In the area of financial literacy, 80 percent of respondents have a formal initiative. Popular actions for the coming year include plans to expand outreach to current students and more actively counsel students about the financial implications of academic decisions such as choice of major and course load.
These programs will focus more on student loan debt as well as on broader financial literacy issues.
“The FAFSA changes will make it more difficult to predict what the yield is going to be,” says Kantrowitz, who has written extensively about financial aid policy and has testified before Congress about student aid on several occasions.
As prior-prior rolls out, schools will not only have to plan earlier, but do so without the predictive benefits of students’ college selection lists. A bumpy road, indeed.
Targeting students in new ways T
he changing demographics of college students means that schools might be forced to handhold more families who haven’t experienced the admissions and financial aid processes at all. “The only growing segment in the traditional U.S. college-going market is made up of low-to-modest income students, most of whom are likely to be first-generation students,” says Lucido.
With staff already stretched thin, the prospect of having to educate families, too, frightens some administrators. There’s even pressure on higher education facilitators to go out to middle-schoolers to talk about curriculum, and how to save money for college, says Luke Schultheis, vice president for admissions and enrollment management at AACRAO.
The problem? “There’s a real gap in ability, in skill level, and who’s available for what,” he says, resulting in “lots of talk, but not lots of action.”
That’s where you’ll start to see colleges and universities forming new partnerships to disseminate information. For example, he says, “Some colleges partner with nonprofits like The Posse Foundation that prepare first-generation students with much needed social capital like knowledge about the admission and financial aid process.”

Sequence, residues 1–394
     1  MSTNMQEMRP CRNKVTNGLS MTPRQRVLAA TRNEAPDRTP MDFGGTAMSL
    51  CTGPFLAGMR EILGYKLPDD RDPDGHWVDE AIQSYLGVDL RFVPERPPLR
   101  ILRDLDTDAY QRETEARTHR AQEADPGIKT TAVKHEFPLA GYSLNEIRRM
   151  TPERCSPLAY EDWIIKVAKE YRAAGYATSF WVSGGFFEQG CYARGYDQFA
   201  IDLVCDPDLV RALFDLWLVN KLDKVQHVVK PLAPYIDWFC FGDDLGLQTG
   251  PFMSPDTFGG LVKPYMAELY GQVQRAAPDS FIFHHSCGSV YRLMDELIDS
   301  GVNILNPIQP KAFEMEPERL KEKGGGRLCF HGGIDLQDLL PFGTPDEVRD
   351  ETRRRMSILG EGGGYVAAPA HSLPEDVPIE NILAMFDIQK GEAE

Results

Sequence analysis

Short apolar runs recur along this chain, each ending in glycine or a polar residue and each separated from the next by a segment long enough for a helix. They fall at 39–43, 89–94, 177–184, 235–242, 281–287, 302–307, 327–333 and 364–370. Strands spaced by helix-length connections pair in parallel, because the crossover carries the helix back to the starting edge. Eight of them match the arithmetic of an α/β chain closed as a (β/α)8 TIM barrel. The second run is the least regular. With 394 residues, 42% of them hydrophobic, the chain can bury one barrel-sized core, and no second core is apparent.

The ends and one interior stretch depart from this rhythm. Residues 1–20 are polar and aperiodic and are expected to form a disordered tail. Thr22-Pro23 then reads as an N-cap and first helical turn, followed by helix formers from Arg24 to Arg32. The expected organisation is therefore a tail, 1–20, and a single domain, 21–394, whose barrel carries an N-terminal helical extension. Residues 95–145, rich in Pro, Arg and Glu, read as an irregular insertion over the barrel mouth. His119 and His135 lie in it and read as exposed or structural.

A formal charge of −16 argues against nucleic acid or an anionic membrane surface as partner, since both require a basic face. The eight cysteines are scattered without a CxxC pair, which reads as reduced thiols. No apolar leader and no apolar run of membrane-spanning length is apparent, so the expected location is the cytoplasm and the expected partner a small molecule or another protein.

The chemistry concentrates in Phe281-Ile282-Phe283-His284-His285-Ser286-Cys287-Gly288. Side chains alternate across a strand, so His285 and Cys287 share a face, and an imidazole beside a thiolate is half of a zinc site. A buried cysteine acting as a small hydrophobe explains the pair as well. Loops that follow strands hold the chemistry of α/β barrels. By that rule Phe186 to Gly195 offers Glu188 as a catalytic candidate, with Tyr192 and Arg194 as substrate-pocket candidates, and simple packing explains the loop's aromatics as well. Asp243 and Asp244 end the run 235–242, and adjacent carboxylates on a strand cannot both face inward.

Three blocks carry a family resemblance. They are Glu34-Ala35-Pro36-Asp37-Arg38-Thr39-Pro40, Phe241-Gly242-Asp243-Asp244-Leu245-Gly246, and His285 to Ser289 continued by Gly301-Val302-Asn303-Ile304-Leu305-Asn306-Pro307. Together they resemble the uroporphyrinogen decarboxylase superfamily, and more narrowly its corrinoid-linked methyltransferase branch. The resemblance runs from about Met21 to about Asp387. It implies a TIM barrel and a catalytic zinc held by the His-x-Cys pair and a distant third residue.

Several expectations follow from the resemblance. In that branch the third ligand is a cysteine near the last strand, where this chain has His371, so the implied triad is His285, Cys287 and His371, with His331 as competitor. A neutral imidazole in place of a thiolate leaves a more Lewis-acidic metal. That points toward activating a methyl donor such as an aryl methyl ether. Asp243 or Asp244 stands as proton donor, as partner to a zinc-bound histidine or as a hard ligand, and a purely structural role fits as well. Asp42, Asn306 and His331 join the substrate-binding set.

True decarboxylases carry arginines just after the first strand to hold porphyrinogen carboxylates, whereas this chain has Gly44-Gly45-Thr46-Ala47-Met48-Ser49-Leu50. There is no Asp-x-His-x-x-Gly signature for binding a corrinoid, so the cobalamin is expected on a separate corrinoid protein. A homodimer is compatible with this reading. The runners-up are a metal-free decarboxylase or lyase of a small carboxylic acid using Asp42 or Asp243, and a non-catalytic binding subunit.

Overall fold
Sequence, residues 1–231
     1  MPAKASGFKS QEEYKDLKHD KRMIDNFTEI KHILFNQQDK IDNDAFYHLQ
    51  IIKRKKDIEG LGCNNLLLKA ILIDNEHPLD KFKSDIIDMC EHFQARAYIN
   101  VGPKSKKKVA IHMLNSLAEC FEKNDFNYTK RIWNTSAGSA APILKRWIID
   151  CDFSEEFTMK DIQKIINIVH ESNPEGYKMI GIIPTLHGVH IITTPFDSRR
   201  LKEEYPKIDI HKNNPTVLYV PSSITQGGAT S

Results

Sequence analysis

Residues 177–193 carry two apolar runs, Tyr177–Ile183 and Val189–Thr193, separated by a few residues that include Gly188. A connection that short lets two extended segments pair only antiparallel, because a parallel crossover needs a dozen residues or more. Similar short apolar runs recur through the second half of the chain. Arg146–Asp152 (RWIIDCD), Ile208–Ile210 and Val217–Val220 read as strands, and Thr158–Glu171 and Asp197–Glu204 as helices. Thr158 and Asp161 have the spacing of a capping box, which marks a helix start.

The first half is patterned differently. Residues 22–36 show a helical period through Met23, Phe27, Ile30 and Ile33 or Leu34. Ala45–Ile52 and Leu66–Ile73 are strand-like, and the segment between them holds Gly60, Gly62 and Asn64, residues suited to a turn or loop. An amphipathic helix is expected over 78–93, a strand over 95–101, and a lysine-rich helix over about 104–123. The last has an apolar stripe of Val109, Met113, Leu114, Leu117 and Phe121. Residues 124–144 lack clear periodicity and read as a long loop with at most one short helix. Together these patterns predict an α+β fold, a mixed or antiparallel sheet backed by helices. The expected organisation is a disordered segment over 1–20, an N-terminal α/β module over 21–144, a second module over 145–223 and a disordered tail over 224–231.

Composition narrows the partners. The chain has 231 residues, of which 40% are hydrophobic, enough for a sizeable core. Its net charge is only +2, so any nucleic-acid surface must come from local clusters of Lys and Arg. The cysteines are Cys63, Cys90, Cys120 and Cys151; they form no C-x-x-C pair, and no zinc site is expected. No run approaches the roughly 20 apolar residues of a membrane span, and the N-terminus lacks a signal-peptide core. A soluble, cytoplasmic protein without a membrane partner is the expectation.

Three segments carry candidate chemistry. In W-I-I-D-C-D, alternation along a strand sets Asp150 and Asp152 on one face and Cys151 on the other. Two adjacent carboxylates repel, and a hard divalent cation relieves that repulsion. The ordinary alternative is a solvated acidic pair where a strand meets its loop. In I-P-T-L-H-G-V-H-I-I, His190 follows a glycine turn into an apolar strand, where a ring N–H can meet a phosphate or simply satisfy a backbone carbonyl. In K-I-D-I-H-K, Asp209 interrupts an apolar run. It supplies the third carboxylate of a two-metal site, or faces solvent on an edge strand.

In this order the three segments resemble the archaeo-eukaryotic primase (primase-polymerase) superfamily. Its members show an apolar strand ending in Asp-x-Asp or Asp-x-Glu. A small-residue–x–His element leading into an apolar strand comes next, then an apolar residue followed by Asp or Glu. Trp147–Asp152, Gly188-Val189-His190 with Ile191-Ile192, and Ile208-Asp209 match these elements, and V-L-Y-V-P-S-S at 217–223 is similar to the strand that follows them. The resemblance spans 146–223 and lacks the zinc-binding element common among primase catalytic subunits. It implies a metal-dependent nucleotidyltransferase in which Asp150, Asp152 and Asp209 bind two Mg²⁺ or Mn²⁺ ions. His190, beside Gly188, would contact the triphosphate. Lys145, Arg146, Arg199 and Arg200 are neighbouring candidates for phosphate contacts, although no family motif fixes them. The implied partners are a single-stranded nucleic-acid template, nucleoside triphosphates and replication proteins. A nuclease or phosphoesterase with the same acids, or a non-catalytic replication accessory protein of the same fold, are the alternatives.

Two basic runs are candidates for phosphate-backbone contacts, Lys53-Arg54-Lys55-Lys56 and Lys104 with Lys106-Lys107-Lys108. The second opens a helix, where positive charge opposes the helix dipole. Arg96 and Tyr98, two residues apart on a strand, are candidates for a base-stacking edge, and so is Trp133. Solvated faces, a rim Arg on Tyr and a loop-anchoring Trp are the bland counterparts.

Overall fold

College Advising Corps is another like-minded group; its strategy is to send recent college graduates, who are often first-generation students, into high-needs high schools to counsel students on admissions and financial aid.
“Starting earlier than senior year is helpful,” says Jaye Fenderson, co-producer of the documentary First Generation and co-founder of the newly launched Go College Now initiative with Wells Fargo. “The more schools can work with community-based mentoring organizations—the boots on the ground—to get that information out there, the better.”
Arizona State University has had success with this approach, essentially using ambassadors to spread the word in the local community that the school is affordable and that it offers a quality education. Working with organizations in the metro-Phoenix area, ASU has increased the number of first-generation and low-income students by a large percentage, Fenderson says.
As families grow increasingly price sensitive, they’re beginning to ask higher ed institutions about return-on-investment, Kantrowitz says. He predicts administrators will need to talk more about things such as net price, as well as the intangible benefits of a college education such as learning life skills and cultivating relationships, if they want to convince families that a post-secondary education is still a worthy investment.
In other words, says Schultheis of AACRAO, institutions must be proactive about explaining how their pricing will pay off in the long run—almost from a defensive position—to address negative media messages about indebtedness and post-college outcomes.
“We’re stuck in the cyclone of noise. Instead of touting the wise investment in higher education, the media really hammers home this linear relationship between owing money and how much you’re going to earn on the job,” he says. “Many of my colleagues struggle with this.”
For the next year or two at least, colleges will have to promote outcomes, says Lucido, as well as be empathetic to families who are facing financial struggles. “It’s important for us to continue to make our value proposition.”
Dawn Papandrea is a Staten Island, New York-based writer.